Great sensor; classic shape; quick-switch dual-mode scroll wheel.
Requires software to change profiles; expensive; too many thumb buttons.
At first glance, Logitech’s new G500 mouse looks like yesterday’s model. Its chassis is almost identical to the classic G5, which was in turn a slight redesign of the MX510/518 series. The G500 takes the classic hump design of the MX510/518 and updates the sensor with one similar to the sensor used in the newer G9x line of mice. That’s very nice.
When we say the same laser sensor as the G9x , we really mean that Logitech included an ever-so-slightly upgraded version of the G9x’s sensor. The G500’s adjustable sensor lets you select a setting from 200–5,700dpi, while the G9x limits you to 200–5,000dpi. This isn’t really a significant upgrade, as even the 5,000dpi setting is unplayable outside the small subset of games that let you set an incredibly low sensitivity. Still, we love the silky-smooth action of this mouse.
With five programmable buttons, plus the clicky mouse-wheel, there are plenty of options for the button-crazed gamer. We’re not necessarily fans of the triple thumb-button cluster, though; it sacrifices simplicity and the ability to instantly know which button you’re pressing for an extra button that we rarely use. Still, players of macro-friendly games—like RTSes and World of Warcraft—will find that it’s simple to program, although getting the timing perfect can be tricky. We absolutely love that the switch that alternates the mouse wheel between its detente-less smooth scroll setting and the more traditional one-click stop setting is squarely front and center—on top of the mouse, directly below the scroll wheel. However, its placement does mean that it’s possible to accidently click should you lose your grip.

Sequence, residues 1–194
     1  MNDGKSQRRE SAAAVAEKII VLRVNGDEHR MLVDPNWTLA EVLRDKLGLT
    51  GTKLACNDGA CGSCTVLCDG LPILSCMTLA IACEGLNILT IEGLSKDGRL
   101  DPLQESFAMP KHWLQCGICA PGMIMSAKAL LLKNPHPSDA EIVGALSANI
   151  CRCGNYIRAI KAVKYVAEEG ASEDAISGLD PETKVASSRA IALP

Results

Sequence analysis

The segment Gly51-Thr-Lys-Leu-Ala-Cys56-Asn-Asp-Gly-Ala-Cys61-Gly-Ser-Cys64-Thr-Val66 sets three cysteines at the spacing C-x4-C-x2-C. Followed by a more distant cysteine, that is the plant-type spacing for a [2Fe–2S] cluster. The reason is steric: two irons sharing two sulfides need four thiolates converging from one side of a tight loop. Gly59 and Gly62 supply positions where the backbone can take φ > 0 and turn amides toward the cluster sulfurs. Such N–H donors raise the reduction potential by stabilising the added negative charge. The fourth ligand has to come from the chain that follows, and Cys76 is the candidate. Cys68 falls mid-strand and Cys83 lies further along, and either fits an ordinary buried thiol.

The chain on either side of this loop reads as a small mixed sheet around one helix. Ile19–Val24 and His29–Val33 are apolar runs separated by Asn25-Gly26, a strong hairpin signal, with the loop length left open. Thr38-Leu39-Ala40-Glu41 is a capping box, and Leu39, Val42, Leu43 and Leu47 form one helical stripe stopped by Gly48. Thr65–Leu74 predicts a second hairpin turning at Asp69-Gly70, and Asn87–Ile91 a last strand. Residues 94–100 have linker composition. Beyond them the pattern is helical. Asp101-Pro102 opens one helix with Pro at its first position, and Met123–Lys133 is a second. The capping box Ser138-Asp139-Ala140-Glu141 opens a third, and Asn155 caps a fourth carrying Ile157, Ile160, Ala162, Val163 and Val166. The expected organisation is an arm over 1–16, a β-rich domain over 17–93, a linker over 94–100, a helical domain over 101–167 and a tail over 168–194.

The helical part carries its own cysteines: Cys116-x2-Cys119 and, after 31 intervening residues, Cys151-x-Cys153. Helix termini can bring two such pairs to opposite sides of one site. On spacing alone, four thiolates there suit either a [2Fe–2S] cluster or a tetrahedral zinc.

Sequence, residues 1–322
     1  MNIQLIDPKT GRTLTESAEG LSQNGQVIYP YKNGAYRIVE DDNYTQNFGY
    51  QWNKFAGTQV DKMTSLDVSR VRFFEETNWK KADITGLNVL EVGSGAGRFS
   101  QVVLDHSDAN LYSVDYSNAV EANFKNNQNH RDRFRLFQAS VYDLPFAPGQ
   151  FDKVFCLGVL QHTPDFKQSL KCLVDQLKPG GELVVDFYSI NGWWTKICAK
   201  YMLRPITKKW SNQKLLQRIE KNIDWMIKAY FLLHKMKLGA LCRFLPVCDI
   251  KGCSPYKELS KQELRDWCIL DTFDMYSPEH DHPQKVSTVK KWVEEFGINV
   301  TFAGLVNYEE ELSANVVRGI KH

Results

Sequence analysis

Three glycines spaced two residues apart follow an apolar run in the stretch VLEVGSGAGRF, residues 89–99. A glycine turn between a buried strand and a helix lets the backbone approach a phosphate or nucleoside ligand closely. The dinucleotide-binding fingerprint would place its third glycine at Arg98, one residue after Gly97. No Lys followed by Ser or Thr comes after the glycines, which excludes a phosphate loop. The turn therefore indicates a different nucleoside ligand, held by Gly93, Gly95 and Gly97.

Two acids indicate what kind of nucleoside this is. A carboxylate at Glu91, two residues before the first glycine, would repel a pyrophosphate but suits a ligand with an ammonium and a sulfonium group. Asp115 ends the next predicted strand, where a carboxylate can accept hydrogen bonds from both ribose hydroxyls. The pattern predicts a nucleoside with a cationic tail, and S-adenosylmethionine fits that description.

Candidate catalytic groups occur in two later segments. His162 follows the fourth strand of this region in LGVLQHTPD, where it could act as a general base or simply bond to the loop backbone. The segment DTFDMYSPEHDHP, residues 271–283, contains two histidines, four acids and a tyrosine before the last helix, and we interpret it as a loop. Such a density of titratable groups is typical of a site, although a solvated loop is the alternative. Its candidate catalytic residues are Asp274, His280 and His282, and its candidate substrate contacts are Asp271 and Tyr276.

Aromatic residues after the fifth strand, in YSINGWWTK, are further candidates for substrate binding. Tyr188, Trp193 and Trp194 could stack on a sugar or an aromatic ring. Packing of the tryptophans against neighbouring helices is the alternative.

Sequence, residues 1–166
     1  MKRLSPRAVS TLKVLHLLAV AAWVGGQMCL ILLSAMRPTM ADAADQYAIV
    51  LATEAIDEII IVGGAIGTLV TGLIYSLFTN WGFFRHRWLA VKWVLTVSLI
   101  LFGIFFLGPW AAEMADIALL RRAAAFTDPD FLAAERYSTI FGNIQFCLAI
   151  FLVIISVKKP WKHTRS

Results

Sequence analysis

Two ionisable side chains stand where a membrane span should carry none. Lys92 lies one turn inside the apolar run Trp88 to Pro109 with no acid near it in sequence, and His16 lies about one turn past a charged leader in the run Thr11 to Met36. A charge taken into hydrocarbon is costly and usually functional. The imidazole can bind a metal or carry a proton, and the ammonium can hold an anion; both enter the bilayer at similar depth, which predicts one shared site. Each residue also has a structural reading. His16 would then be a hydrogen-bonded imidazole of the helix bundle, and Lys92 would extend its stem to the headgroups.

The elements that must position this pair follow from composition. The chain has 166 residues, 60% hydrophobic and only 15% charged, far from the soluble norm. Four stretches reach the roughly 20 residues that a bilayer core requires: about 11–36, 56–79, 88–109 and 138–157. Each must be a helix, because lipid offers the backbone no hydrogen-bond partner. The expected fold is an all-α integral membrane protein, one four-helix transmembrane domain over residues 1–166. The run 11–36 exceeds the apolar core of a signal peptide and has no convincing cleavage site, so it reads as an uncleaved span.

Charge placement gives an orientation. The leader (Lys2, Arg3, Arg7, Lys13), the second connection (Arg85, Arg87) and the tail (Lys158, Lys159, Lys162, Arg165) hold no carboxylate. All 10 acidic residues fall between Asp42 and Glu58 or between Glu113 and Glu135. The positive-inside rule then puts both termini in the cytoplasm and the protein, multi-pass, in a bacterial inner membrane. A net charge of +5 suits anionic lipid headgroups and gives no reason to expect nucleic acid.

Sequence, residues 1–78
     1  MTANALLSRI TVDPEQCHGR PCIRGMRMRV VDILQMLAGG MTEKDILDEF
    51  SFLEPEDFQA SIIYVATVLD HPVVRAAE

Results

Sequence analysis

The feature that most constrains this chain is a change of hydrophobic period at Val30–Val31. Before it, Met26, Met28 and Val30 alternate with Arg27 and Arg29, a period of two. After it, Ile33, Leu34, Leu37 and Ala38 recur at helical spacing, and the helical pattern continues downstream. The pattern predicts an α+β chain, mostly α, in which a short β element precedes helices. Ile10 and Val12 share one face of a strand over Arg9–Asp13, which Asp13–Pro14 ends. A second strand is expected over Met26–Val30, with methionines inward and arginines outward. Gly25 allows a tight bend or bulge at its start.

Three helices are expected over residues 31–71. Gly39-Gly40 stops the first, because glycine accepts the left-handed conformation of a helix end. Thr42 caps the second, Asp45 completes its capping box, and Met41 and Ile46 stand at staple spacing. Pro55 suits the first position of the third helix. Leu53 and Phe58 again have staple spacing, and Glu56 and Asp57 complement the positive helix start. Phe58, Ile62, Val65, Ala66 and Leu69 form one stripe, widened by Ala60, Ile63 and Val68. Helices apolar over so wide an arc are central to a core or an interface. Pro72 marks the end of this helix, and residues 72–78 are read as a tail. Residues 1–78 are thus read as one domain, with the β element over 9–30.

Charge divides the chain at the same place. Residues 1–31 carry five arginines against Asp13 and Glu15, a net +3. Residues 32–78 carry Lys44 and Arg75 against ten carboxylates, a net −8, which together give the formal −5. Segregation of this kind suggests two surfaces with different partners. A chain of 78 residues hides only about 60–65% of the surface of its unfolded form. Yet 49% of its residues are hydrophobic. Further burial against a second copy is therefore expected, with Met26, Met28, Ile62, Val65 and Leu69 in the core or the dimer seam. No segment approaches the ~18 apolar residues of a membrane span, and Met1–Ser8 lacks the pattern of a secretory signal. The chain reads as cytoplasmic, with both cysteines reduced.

Like the other G-series mice from Logitech, the G500 includes a weight tray, allowing you to customize the weight of your mouse in increments of 2g or 5g. Additionally, like the G9 and G9x, you can store profiles containing everything from button assignments to dpi and mouse polling settings on the mouse. This lets you utilize your custom profiles on whatever computer you’re playing on. This is perfect for LAN parties, where you may or may not be competing on a computer you built. While you can save multiple profiles on the G500, you can’t manually switch between them on the mouse itself. It’s a minor feature, but something we liked with the G9-series mice. We were able to set as many as five different sensitivity settings in the Logitech control panel app, but we couldn’t access more than three in our tests with the actual hardware. Which three could we use? No idea, the mouse simply tells you whether you’re using the slow, medium, or fast setting, without displaying the actual dpi setting you’re using.
Where does that leave the G500? While we love the classic shape of the G500, we miss the G9-series’ ability to switch between profiles using just the mouse. If you absolutely detest the shape and interchangeable bodies of the G9 mice, this is an acceptable rodent. However, if you can adjust to the G9x, it’s a superior product.